This is key. We cannot do this and be fair to small business and really do it unless we can go to community rating and all of us can share these risks. I think it's very important.

I'd like to go to David Hoffman, if I might, now to make the point in another way with somebody who's kept insurance and had to pay an enormous premium for it or at least did until recently. Would you talk, David, about your experience?

[David Hoffman explained that as the employees of his architecture firm aged and needed more medical attention, his insurance premiums increased by 35 percent, to 12 percent of payroll for the firm's share of the cost.]

The President. Let me try to make an observation here about these two cases. Under the plan that we propose, no one could pay more than 7.9 percent of payroll, no employer, for the health insurance premiums. So in the case of the architectural firm, David's firm, they would actually pay less, considerably less than they're paying now. Why would they be able to pay less? Well, because they would be, again, in a big pool where they'd have more bargaining power and it would be more economical to insure them.

Now, in the case of the florist shop, they would obviously pay more since they can't get insurance now. But because it's a smaller business, they would be eligible for a bigger discount. And for somewhere in the range of, let's say, 6 percent of payroll, they'd be able to get a comprehensive benefit package, and no one would get cut off.

Again, it all goes back to the economics of scale. Now, the problem is that some people will say—and we'll explore this because we're going to come to some harder cases as we go around the table—some people will say, "Well, that's fine, Mr. President, but I can't afford 4 percent of payroll. My payroll is 50 percent of my cost of doing business, so 4 percent of payroll adds 2 percent to the cost of doing business. And I can't add 2 percent of the cost of doing business; my profit margin is less than that." Some people say that.

Now, what we have to do is to—we need to kind of work through that. And that's one reason I asked Erskine Bowles to be head of the Small Business Administration, because he spent 20 years starting small businesses instead of in politics or doing something else, to try to work through these things.

There's no question that the ability to bear this cost is greater if all your competitors have to do it as well. And that's one point that David Hoffman made, I thought, very eloquently. I was in a—we have someone here who's in the food service business—I know I was in a restaurant in Columbus, Ohio, with a woman who had 20 employees full-time and 20 part-time and had had cancer. And she insured the fulltime employees, she didn't insure the part-time employees, and she paid high rates because she had cancer 5 years ago. And she said, "I'm in the worst of all worlds; I insure my full-time employees because I feel that I should; but my competitors don't, so they have an advantage over me. And I feel guilty that I don't help my part-time employees." And she paid very high rates because one person—it happened to be the owner there—paid for her previous illness.

So again, this whole thing will only work if everyone contributes. But as a result of contributing, you get to be in big buying pools, so at least your rates are manageable. In your case, I just don't think anybody should be paying 12.5 percent of payroll for a reasonable health insurance policy. We know that the economics of the competition—we've had it analyzed by too many people—will permit us to have a ceiling of about 7.9 percent of payroll. And you might actually qualify for a modest, but not a great, discount there because your employees make a good living.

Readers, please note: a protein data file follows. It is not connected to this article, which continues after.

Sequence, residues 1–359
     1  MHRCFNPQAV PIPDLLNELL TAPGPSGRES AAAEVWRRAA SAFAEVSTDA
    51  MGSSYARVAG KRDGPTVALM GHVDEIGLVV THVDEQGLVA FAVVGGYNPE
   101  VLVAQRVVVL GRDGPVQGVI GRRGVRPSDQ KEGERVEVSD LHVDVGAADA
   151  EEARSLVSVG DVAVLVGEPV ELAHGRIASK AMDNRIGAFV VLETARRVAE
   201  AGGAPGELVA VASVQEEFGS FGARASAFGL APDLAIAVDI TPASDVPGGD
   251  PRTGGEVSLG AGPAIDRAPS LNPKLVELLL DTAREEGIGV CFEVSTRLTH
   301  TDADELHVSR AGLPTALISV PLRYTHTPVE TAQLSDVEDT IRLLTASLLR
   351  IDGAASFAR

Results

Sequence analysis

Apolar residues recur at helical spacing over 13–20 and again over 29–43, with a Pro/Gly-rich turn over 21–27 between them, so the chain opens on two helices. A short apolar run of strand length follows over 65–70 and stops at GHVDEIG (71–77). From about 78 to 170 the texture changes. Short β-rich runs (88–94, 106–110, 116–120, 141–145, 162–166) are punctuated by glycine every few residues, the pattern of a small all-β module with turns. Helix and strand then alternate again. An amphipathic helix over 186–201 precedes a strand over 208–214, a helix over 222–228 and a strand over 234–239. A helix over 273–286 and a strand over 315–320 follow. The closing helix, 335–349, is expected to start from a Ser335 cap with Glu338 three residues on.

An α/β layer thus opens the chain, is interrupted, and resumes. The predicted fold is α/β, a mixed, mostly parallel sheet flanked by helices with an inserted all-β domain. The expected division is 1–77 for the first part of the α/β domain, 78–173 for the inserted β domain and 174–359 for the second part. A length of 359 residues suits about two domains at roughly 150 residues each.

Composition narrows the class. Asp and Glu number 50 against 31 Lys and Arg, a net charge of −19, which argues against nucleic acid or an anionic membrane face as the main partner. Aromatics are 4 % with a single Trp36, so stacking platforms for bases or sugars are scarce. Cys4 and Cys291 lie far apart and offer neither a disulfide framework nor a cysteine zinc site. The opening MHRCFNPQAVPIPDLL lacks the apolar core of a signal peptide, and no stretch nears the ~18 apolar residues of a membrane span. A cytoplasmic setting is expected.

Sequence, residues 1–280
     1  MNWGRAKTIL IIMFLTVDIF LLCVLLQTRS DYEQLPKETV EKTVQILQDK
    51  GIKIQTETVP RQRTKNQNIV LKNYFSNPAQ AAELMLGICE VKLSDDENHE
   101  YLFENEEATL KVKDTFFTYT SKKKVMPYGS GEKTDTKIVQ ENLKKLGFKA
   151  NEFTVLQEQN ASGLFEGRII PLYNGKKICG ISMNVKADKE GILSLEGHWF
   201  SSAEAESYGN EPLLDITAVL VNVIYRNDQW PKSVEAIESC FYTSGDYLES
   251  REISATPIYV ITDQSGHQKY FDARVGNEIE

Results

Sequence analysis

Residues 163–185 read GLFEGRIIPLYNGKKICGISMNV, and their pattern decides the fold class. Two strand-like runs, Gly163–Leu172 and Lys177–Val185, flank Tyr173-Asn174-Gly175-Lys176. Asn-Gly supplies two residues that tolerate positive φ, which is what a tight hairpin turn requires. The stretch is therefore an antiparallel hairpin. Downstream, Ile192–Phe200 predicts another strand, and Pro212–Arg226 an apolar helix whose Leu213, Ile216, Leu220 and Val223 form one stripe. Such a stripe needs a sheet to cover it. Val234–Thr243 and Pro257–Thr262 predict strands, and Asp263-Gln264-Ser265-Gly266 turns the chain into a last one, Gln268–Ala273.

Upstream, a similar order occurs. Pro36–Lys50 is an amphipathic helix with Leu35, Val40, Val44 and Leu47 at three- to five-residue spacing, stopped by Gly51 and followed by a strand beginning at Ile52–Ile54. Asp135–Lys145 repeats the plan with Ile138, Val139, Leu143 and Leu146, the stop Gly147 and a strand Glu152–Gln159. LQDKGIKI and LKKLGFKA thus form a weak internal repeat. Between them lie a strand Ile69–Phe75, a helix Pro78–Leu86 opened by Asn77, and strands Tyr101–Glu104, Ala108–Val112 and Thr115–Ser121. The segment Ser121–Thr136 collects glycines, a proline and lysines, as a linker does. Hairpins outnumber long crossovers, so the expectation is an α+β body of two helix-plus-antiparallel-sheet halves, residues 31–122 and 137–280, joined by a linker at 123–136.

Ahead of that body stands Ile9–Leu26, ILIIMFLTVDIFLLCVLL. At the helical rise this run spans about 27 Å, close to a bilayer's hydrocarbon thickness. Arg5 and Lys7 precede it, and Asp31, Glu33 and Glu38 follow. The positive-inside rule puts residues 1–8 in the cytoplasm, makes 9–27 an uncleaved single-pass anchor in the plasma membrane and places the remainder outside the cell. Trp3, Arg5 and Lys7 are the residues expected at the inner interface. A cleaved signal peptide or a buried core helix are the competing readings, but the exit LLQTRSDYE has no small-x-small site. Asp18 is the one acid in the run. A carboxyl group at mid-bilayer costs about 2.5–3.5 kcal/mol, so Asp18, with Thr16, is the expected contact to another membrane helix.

I'd like to go on now to Sheryl Wohlford, who is from Wichita, and have her talk a little bit about her situation because it's slightly different. And it will get more complicated as we go around the table to show some of the problems we've got with this.


[Sheryl Wohlford expressed concern that her insurance premium costs of 5.5 percent of payroll, to cover the majority of her employees, would rise even more under the President's plan. Representative Jim Slattery asked if she had discussed her projected cost increase with her insurance agent, and she said she had not. Small Business Administrator Erskine Bowles then stated that small businesses would get better coverage at better rates under the new plan.]

The President. Sheryl asked two questions. I think we ought to try to deal with them as forthrightly as possible. The first question is, okay, if I have to go from 5.5 to 7.9, how do I know it's going to stay at 7.9? I mean, that may be the most important question of all. And the answer to that question is—I mean, I can only tell you where I'm coming from on this— is that we looked at what the average employer contribution was for a good health care plan that included primary and preventive benefits— because one of the ways you get health care costs down is to emphasize primary and preventive benefits; nearly any physician will tell you that—and it was about 8 percent. So we decided to go with 7.9 percent. And from my point of view, if we can't manage at that, we'll have to find some other way of dealing with it, not raising the payroll cost. I just don't think we can. The whole idea is to try to get health care costs as close to the rate of inflation plus population growth as possible.